Lebanon (MNN) – Syrian refugee camps in Lebanon are no picnic. Sanitation is dicey, illness lurks in every corner, and food and space are seriously lacking. The terms often associated with the camps are ‘squalid’, ‘overcrowded’ and ‘neglected’.
There’s a strong push from the Lebanese government to force the refugees back into Syria, the destruction of several camps, and crackdowns on the refugees, and they’re unwanted. Looking into Syria, it’s not safe enough to return home yet, so almost a third of Lebanon’s population is essentially ‘stateless.’
The government doesn’t recognize them, and to the populace, they’re faceless masses. In short, they’re ‘nobodies.’ No one will miss them if they disappear because no one will notice. That means they’re doubly vulnerable prey to traffickers. Triumphant Mercy’s Lebanon director, Nuna, says she was stunned to learn that for some of the refugees they’re helping, this is an issue.
Horror at a new challenge
First, she says, “Teachers started to come to me, and even parents started to say, ‘you have to have the van come inside the camp.’ Usually, we gather in front of the camp so we can pick them up and bring them to school.”
When she inquired further, “I started to hear stories of so many kids just waiting on the stairs of their home and some other car coming and trying to pick them up–things like that that are just repetitive now. It’s a new situation that we’re facing; I don’t know how to deal with this.”
Nuna started investigating these stories because nothing had made it into their local media. “I asked people that I know, inside the UN (UNHCR). They hadn’t heard it. But then they started to ask, and then two days later, they came back to me and said, ‘Yes, this is happening.'” What horrified her was the kind of trafficking involved. It was already horrifing to hear that traffickers preyed on children, but it wasn’t labor or even sex trafficking. “It’s organ trafficking—selling organs.”
A recent BBC investigation revealed that as Syrian refugees grow more desperate to support themselves and their families, they’ve resorted to selling body parts, resulting in a booming business in Lebanon.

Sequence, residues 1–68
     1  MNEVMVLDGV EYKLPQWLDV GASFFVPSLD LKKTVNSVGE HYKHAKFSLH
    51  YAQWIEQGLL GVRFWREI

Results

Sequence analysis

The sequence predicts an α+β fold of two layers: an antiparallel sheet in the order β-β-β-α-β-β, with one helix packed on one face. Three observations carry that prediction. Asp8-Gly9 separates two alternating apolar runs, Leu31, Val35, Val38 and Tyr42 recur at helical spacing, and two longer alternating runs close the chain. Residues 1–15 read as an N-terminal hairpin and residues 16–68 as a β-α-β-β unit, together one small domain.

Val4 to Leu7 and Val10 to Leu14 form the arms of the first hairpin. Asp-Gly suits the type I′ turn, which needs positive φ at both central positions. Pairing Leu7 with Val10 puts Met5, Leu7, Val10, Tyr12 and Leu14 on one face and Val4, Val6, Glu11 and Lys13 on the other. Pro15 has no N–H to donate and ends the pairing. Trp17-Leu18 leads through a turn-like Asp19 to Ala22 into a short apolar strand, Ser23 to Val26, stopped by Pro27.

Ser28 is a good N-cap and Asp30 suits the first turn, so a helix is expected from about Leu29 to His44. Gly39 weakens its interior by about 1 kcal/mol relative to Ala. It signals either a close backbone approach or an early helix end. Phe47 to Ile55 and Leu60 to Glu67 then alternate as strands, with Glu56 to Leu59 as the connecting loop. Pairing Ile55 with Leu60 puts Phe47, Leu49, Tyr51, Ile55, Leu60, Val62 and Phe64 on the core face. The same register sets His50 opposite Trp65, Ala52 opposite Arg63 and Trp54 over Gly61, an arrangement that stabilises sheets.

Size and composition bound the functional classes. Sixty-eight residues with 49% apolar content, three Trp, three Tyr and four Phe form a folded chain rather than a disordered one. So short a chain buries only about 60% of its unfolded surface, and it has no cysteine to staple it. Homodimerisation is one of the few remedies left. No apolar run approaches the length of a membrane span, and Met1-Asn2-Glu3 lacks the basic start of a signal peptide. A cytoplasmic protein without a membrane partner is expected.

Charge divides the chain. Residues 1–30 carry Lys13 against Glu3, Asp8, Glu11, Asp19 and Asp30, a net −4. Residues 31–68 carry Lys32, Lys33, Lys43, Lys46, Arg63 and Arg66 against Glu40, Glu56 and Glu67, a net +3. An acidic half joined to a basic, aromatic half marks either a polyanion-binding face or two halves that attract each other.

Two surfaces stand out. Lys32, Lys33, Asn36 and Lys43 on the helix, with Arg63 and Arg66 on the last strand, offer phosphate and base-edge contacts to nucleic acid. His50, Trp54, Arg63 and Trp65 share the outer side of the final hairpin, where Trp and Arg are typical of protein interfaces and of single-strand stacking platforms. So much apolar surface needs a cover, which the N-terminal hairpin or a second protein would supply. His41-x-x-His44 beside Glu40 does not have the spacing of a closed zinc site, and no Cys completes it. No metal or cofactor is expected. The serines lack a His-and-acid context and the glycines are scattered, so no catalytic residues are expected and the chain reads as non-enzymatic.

What to do?
Triumphant Mercy immediately doubled down on security measures to try to protect families they work with. However, the underground that connects this kind of market still deeply troubles her. Nuna has never had to deal with evil of this nature before. She prays for wisdom because the thought of something happening on her watch keeps her awake at night. “Prayer is definitely needed for not only for Triumphant Mercy but for these people, that they will be caught, that the government will be able to do something.”
The refugees also turned to her for help because they trust the ministry team. TM invests heavily in building relationships, so they also understand the distress, and the refugees trust them.
As a result, these new security challenges weigh heavily. “Not only have you been displaced, not only do you have the pressure of life, not only do you not know what tomorrow holds, but you also don’t know if you’re going to be evicted from camp or not. You don’t know if you’re going to be able to go back to Syria or not, but also being afraid that your kids will disappear. That’s another trauma on top of everything else.”
Pray through the news
For now, TM’s response is enough. They’re the ones who let Syrian refugees know that Triumphant Mercy sees them and that they matter in more ways than one. For Nuna, it’s about sharing the burden in the face of a shadowy threat. “Why would I spend time with people that I don’t know, that will leave sometime, that I might never see again? It’s just so that I can share the love of Christ, share that Christ is there for everyone, that they’re not forgotten—to share that there is hope for tomorrow.”
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Header photo courtesy of Triumphant Mercy Lebanon